Jump to Lecture 1, Lecture 2, Lecture 3, Lecture 4, Lecture 5, Lecture 6, Lecture 7, Lecture 8, Lecture 9, Lecture 10, Lecture 11, Lecture 12, Lecture 13, Lecture 14, Lecture 15, Lecture 16, Lecture 17, Lecture 18, Lecture 19, Lecture 20, Lecture 21

Information for Lecture 1

Slides are here.

Today's lecture covers the Java language and Robot basis for learning programming.
First programming language graphic
Another language graphic

Today's goals are to find where resources are available, and set up software. Please see direction in the left-hand frame.

Information for Lecture 2

Today's lecture covers the basics of Java. We will see how to interpret a program, and how to 'debug' or fix errors in the program. Lecture notes are here.

There are three in-class exercises for today. If you haven't yet, Please start by setting up the jGrasp and JDK software. You will need to follow the directions (linked to the left) to download the becker.jar file, and set the paths in jGrasp.

The next step will be to download the class files, and exercise instructions in a subfolder of your BIT115 folder. Today will show you how to get started on a piece of code, but more importantly, you will have practice debugging and predicting the behavior of a computer program. Mastering these tools is what will allow you to master BIT115.

Information for Lecture 3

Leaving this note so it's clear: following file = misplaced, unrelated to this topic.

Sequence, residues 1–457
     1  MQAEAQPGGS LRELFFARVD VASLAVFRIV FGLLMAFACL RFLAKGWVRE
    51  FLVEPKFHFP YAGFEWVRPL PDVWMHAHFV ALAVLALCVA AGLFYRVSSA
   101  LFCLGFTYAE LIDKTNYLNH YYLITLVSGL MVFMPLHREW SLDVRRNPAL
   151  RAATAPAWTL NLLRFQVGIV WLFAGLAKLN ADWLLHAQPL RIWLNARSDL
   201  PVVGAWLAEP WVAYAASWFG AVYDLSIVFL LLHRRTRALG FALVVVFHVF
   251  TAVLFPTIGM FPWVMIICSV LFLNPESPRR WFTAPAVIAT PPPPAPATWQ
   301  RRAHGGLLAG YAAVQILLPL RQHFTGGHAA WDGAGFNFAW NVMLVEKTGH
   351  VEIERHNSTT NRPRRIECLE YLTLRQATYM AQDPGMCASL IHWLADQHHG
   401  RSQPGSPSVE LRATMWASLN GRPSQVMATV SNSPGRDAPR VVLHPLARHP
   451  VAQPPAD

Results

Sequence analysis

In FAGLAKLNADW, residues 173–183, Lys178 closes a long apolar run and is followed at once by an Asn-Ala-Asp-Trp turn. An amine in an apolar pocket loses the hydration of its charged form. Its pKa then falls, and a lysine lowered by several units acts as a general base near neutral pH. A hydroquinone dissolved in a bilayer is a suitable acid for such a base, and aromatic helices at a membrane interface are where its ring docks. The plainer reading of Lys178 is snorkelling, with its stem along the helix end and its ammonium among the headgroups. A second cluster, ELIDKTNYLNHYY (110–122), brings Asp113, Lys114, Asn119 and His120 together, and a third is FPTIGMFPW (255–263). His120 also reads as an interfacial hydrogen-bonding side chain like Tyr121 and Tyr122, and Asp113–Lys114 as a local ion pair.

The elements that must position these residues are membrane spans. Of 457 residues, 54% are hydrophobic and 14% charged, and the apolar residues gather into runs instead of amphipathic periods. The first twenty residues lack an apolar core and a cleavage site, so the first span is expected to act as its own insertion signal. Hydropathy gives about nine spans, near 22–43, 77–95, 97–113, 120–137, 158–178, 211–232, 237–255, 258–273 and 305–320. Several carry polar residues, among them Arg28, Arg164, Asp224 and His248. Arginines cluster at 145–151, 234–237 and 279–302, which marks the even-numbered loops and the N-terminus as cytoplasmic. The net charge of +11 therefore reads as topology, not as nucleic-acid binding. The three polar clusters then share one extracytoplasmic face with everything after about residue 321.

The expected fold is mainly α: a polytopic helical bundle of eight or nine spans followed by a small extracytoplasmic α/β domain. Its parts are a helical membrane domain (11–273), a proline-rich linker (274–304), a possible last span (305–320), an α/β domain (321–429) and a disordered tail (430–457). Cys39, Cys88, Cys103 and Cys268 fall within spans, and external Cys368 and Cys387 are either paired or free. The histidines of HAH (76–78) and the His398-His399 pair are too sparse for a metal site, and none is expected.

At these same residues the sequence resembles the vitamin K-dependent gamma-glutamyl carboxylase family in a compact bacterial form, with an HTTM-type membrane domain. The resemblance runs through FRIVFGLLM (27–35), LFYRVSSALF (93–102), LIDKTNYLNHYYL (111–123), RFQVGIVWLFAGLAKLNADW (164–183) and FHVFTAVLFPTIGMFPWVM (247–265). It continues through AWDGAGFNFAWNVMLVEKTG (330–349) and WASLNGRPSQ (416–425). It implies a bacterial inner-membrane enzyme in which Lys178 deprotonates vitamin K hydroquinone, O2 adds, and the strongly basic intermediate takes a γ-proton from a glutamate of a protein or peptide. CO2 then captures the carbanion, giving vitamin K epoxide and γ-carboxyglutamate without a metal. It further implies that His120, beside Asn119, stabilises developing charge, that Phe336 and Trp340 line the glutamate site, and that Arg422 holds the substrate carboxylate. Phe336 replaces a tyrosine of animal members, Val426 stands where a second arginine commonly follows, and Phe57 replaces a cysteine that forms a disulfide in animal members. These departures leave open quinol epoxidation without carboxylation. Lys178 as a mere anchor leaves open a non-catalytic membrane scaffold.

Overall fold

Today's lecture covers the basics of Java. We will learn more about the components that make up the Java Language. Lecture notes are here.

There are three in-class exercises for today.

Lecture 4

Today we start writing more code. Lecture notes are here.
When you think about writing code, please think about these goals: 8 characteristics for great code

There are, again, a few exercises today. You will trace a program, debug a program, and write some code. Please download the following information, and get started with exercise 1.

Exercise directions
and an Example trace

Lecture 5

Assignment amnesty: due to late registrations and moving rosters you will have until this Friday to address any issues with Canvas, or submit any of the first two week's assignments. These assignments will not be accepted after Friday, so log into Canvas and see where you stand.

This class is the beginning of writing flexible code: We learn decision points. Lecture notes are here.